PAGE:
These activities rarely commence spontaneously at grass-roots level. They are politically motivated, having been designed to draw local communities into the politico-economic process, through public engagement at regional level.
Department of Communities & Local Government states: “Through these means, LAAs are helping to devolve decision making, move away from a 'Whitehall knows best' philosophy and reduce bureaucracy.” However, public consultation exercises monitored by regional authorities - usually Regional Development Agencies in England, Invest Northern Ireland, Cymorth Hyblyg i Fusnes in Wales, and Scottish Enterprise, in partnership with commercial developers, rarely bring any positive engagement with local communities.
Dr Dent's fascinating list of the regional agencies that have subsumed national agencies even has a 'One Children's Workforce Framework' which has apparently not gone the way of bad old days chimney sweepers and little matchgirls.
• Regional Development Agencies
• Skills Funding Agency
• Young People's Learning Agency
• Arts Council
• Regional Cultural Consortiums
• Government Offices
• European Parliament Constituencies
• Local Authority Leaders’ Boards
• NHS Strategic Health Authorities
• NHSEngland/then and Authorities&trusts
• Local Authority Subdivisions of England
• Standard Statistical Regions
• City & Guilds Regions
• Edexcel Regions
• Higher Education Regions
• National Education Network Regions
• Local Area Agreements
• The Children’s Workforce Development Council
Directgov initiative and digital switch
An example of the shift towards Government control and the sense of Government as also ‘offering products and services’ in the commercial sense, can be seen in the spirit of the new Directgov initiative in the UK - both on-line, and through other convergent means of delivering public e-services - such as Directgov as a new channel on digital television.
Directgov is part of the wider and recently announced “Digital Britain” initiative - which in turn falls within the UK’s contribution towards “The Information Society”. As a way of interfacing with different Government services, the website is very easy to use and a very good resource," writes Dent. "I have no questions at all about this as a useful service."
"My attention is drawn however to the introduction of Directgov on digital television as a model of things to come. The mandatory switch over from analogue to (right) digital television in the UK (and across Europe), is NOT being driven by a desire by Government to provide each citizen with better screen quality and more viewing choice.
"No, it is so that every citizen has access - electronically - to Government e-services . . and in time, the Government having access to us through the same medium."
"The potentially invasive nature of this direct access into every home in the UK will in time match with the ‘no-excuse’ stance embedded in the language of Grid profiling and tracking. In addition, the growing get-tough policy of the Television Licensing authority in the UK, in partnership (for revenue collection) with private business to enforce license ownership, is also the shape of things to come.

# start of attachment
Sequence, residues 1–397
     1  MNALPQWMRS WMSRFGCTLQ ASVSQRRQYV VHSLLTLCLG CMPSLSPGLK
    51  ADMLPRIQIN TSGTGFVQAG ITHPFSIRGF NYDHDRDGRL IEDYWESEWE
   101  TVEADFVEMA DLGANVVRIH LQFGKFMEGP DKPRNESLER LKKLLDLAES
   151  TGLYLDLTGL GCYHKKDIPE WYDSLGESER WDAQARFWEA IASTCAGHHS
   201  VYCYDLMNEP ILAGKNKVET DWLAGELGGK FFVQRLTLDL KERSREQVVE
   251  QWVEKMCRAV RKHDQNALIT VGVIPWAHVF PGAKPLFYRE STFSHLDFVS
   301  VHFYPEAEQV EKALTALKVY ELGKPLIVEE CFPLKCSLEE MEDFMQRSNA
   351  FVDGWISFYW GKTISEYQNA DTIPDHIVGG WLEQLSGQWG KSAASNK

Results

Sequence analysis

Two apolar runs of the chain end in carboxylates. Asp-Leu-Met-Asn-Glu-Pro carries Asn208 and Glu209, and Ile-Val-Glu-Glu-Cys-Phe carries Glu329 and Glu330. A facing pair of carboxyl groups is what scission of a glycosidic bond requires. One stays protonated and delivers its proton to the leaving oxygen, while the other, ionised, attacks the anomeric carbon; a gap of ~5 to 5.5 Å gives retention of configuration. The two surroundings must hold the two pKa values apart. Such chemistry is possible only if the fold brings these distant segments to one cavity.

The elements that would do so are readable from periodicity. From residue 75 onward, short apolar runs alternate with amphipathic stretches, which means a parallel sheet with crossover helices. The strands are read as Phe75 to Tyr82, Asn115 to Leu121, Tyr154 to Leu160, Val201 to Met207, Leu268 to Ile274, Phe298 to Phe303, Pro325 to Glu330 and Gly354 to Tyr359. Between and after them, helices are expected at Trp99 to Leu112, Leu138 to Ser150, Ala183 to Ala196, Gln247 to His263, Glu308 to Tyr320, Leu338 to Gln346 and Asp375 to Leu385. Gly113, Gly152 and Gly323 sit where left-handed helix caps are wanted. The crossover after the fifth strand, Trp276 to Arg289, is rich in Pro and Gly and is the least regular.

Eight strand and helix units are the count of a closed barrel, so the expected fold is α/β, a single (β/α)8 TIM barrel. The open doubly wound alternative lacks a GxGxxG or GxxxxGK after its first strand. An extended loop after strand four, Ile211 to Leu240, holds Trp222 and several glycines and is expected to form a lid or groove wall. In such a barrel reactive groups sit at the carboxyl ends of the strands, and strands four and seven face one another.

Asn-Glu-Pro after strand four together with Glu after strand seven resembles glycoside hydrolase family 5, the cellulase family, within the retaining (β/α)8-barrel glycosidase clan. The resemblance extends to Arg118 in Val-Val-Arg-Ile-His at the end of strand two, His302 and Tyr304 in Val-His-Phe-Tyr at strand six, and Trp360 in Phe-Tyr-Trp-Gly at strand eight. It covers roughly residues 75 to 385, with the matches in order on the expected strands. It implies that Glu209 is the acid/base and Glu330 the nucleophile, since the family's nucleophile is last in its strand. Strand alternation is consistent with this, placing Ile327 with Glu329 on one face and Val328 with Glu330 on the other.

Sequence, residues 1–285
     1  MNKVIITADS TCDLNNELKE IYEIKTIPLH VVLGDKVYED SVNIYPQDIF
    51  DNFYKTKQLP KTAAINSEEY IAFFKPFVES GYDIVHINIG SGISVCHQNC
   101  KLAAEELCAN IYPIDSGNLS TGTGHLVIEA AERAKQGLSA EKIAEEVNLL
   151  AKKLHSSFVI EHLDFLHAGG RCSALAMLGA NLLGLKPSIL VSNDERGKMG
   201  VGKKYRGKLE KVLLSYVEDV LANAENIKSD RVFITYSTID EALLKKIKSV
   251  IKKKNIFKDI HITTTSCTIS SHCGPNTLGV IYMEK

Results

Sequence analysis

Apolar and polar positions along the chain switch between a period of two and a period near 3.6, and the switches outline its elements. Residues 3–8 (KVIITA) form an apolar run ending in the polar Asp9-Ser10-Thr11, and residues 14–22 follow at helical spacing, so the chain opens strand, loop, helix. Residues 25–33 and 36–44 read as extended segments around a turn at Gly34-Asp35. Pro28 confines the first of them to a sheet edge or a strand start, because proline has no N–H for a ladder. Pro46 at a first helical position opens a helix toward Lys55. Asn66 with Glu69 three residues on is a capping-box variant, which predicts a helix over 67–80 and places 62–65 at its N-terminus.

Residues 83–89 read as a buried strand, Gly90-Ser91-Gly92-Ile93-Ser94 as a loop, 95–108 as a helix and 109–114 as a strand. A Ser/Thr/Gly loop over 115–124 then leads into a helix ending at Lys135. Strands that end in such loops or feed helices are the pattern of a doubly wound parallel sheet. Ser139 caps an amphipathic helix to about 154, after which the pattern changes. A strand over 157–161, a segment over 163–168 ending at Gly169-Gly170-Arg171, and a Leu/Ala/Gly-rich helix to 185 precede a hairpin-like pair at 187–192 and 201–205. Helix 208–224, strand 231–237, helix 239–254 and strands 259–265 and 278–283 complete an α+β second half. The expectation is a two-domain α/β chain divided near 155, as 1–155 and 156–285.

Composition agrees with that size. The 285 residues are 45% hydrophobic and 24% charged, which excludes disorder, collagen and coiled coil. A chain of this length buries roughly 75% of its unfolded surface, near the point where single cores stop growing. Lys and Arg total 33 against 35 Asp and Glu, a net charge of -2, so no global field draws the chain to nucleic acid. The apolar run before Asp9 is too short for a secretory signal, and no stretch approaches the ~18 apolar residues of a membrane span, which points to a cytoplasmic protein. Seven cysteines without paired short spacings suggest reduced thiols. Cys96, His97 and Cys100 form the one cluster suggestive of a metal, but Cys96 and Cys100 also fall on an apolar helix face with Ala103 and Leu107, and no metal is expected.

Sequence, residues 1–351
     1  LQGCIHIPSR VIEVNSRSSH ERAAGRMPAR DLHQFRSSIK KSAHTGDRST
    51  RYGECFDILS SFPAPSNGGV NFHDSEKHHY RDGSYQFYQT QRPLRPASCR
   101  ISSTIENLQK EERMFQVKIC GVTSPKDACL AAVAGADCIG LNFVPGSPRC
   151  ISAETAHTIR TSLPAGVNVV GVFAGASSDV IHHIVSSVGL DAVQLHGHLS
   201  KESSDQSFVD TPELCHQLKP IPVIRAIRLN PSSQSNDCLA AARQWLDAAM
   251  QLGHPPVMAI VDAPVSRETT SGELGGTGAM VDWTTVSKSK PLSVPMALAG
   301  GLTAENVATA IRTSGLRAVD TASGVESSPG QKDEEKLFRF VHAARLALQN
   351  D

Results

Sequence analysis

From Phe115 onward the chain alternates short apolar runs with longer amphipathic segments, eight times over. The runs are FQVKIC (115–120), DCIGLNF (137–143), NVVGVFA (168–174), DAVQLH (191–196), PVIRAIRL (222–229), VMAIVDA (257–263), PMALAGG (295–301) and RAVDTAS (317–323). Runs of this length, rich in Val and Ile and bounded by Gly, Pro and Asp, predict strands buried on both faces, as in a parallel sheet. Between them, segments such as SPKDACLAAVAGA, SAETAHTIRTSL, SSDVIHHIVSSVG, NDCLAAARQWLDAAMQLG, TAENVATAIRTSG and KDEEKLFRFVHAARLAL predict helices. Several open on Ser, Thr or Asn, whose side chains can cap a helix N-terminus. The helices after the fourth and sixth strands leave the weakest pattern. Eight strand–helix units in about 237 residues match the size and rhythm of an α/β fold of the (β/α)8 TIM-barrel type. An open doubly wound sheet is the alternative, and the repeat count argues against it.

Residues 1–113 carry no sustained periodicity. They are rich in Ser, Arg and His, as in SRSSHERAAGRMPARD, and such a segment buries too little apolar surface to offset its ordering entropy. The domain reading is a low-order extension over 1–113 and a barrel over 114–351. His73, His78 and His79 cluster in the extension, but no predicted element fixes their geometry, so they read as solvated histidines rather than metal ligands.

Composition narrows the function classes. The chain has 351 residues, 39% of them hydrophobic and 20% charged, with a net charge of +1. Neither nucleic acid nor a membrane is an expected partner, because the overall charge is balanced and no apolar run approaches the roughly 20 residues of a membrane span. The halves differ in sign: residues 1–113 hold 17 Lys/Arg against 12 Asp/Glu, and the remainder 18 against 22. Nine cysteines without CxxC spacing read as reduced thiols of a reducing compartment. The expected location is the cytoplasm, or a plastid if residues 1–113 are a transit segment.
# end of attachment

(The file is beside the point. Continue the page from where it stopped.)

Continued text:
"Within a few years, I believe it will become mandatory in the UK for every citizen to have an accountable and confirmed form of personalised access to and from Government (probably enforced through PIN number access to wider public services only being given via Directgov) via either broadband/digital television, or some other form of e-technology, such as an Internet enabled mobile phone.
Control will therefore extend to each individual directly in this way. We will also be ‘tracked’ as to whether we make active use of these services or not. This is the emerging ‘spirit’ of ‘The Informing Society’ which, through the exact-sensitive nature of ICT programming, maintains the TEXT of written law to the exclusion of the INTENT of the law, elevating strict adherence to law above justice, mercy and common sense.
An end to liberalism in Europe?
“Europe is being colonised by a new ruling elite.. one which has its own specialist language and culture..and its own system of values.
Whilst resourced and funded by everyday citizens of Europe, it nevertheless chooses to partner itself with big business in development of a powerful ICT infrastructure, that unremittingly gathers intelligence in support of the objectives of that alliance.
This power has its own narrow ‘utopian’ vision - one which strengthens an economic and ICT proficient sector of European society, whilst stripping away every form of localised meaning and diversity in its path.
It pursues a policy of socio-economic eugenics, ‘objectifying’ human existence through pursuit of profiling - finally adding each citizen to a list of ‘property’, owned and ‘mobilised’ within a new super, ICT-regionalied economy environment.
Finally, by abandoning enlightenment ideals and redefining the meaning and purpose of scientific knowledge and endeavour, expedience rather than reason has thus become the basis of rule . . . and so, an iron net is now descending upon Europe.”